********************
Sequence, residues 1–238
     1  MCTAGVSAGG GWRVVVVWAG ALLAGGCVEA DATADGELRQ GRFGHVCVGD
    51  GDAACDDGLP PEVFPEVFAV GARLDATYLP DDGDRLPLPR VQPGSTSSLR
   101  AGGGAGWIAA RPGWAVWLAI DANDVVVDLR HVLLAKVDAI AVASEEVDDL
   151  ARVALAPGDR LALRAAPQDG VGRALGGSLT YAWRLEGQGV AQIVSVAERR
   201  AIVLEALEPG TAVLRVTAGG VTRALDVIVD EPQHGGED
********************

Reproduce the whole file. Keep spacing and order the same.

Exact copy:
Sequence, residues 1–238
     1  MCTAGVSAGG GWRVVVVWAG ALLAGGCVEA DATADGELRQ GRFGHVCVGD
    51  GDAACDDGLP PEVFPEVFAV GARLDATYLP DDGDRLPLPR VQPGSTSSLR
   101  AGGGAGWIAA RPGWAVWLAI DANDVVVDLR HVLLAKVDAI AVASEEVDDL
   151  ARVALAPGDR LALRAAPQDG VGRALGGSLT YAWRLEGQGV AQIVSVAERR
   201  AIVLEALEPG TAVLRVTAGG VTRALDVIVD EPQHGGED